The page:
If you have ever experienced a need to reduce staff in your own team or in your organization, you may have observed that even with 10-20% reduction within a team (1 or 2 people in a team of 10), it most often manages to re-organize itself to continue delivering on the needs and expectations.
This is NOT meant as a suggestion to go and fire 15% of your staff, but it shows that in any team, there is always a certain level of flexibility, agility, and time to work on… improvement and development initiatives.
Additionally, when I have been leading development initiatives in teams full of day-to-day tasks and ‘stolen’ up to 1 day / week to support a specific project, things have worked out. People have found ways to do things smarter and they have on their own initiatives cut away non-essential tasks, whereby they have given themselves time to work on this improvement- or development initiative.
Finally: If you would hire one additional person to your team and give that person tasks covering ~50% of the time, the person will "magically" manage to fill up the working hours after some time around.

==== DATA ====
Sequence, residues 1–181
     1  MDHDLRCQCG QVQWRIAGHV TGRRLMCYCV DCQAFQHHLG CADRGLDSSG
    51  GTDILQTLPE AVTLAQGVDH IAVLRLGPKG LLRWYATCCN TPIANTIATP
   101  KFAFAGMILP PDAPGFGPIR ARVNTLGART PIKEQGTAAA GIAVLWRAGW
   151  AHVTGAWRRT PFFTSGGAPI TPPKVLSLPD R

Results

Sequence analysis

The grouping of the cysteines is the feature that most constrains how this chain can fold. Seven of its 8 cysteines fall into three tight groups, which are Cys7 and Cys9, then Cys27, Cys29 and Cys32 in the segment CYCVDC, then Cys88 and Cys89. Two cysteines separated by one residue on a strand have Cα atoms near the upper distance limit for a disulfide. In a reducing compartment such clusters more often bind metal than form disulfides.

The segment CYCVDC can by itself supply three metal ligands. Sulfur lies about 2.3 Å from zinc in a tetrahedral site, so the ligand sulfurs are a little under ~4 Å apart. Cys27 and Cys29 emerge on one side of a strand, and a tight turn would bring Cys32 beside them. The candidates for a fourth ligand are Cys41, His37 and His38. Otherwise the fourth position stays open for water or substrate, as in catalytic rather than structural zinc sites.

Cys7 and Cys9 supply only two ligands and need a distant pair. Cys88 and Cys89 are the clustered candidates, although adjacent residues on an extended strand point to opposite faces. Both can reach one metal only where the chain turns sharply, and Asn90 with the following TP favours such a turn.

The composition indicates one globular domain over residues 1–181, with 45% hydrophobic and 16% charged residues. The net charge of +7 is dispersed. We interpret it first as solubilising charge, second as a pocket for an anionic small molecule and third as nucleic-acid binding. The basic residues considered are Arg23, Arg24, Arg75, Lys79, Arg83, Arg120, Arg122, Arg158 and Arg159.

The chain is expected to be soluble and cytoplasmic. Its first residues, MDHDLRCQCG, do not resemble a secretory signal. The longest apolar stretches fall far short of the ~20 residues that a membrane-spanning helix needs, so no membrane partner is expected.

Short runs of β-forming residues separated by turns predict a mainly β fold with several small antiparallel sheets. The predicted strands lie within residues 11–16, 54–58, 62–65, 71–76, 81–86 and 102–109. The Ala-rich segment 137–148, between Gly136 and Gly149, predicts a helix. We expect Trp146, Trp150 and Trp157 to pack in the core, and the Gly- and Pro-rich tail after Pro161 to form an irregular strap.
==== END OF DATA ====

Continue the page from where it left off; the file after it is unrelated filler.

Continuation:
So here is the point:
If you - as the leader - bring an important initiative to the table, people do have room to contribute and help improve or develop the way things are done today in order to have an even better performance tomorrow.
#3 - Time allocated becomes time spend
I’m not a financial expert, but I have observed with curiosity how some companies release their annual report 12 weeks after closing the books, whereas other companies do it much faster.
The Global leader in the shipping industry, Maersk, release their annual report 40 days after closing of the books. That is less than 6 weeks and in the area of 30 working days excluding weekends. Their annual report of 151 pages include 3 full pages listing more than 150 subsidiaries and affiliated companies which are all consolidated into the overall group numbers reported to the stock exchange in that document.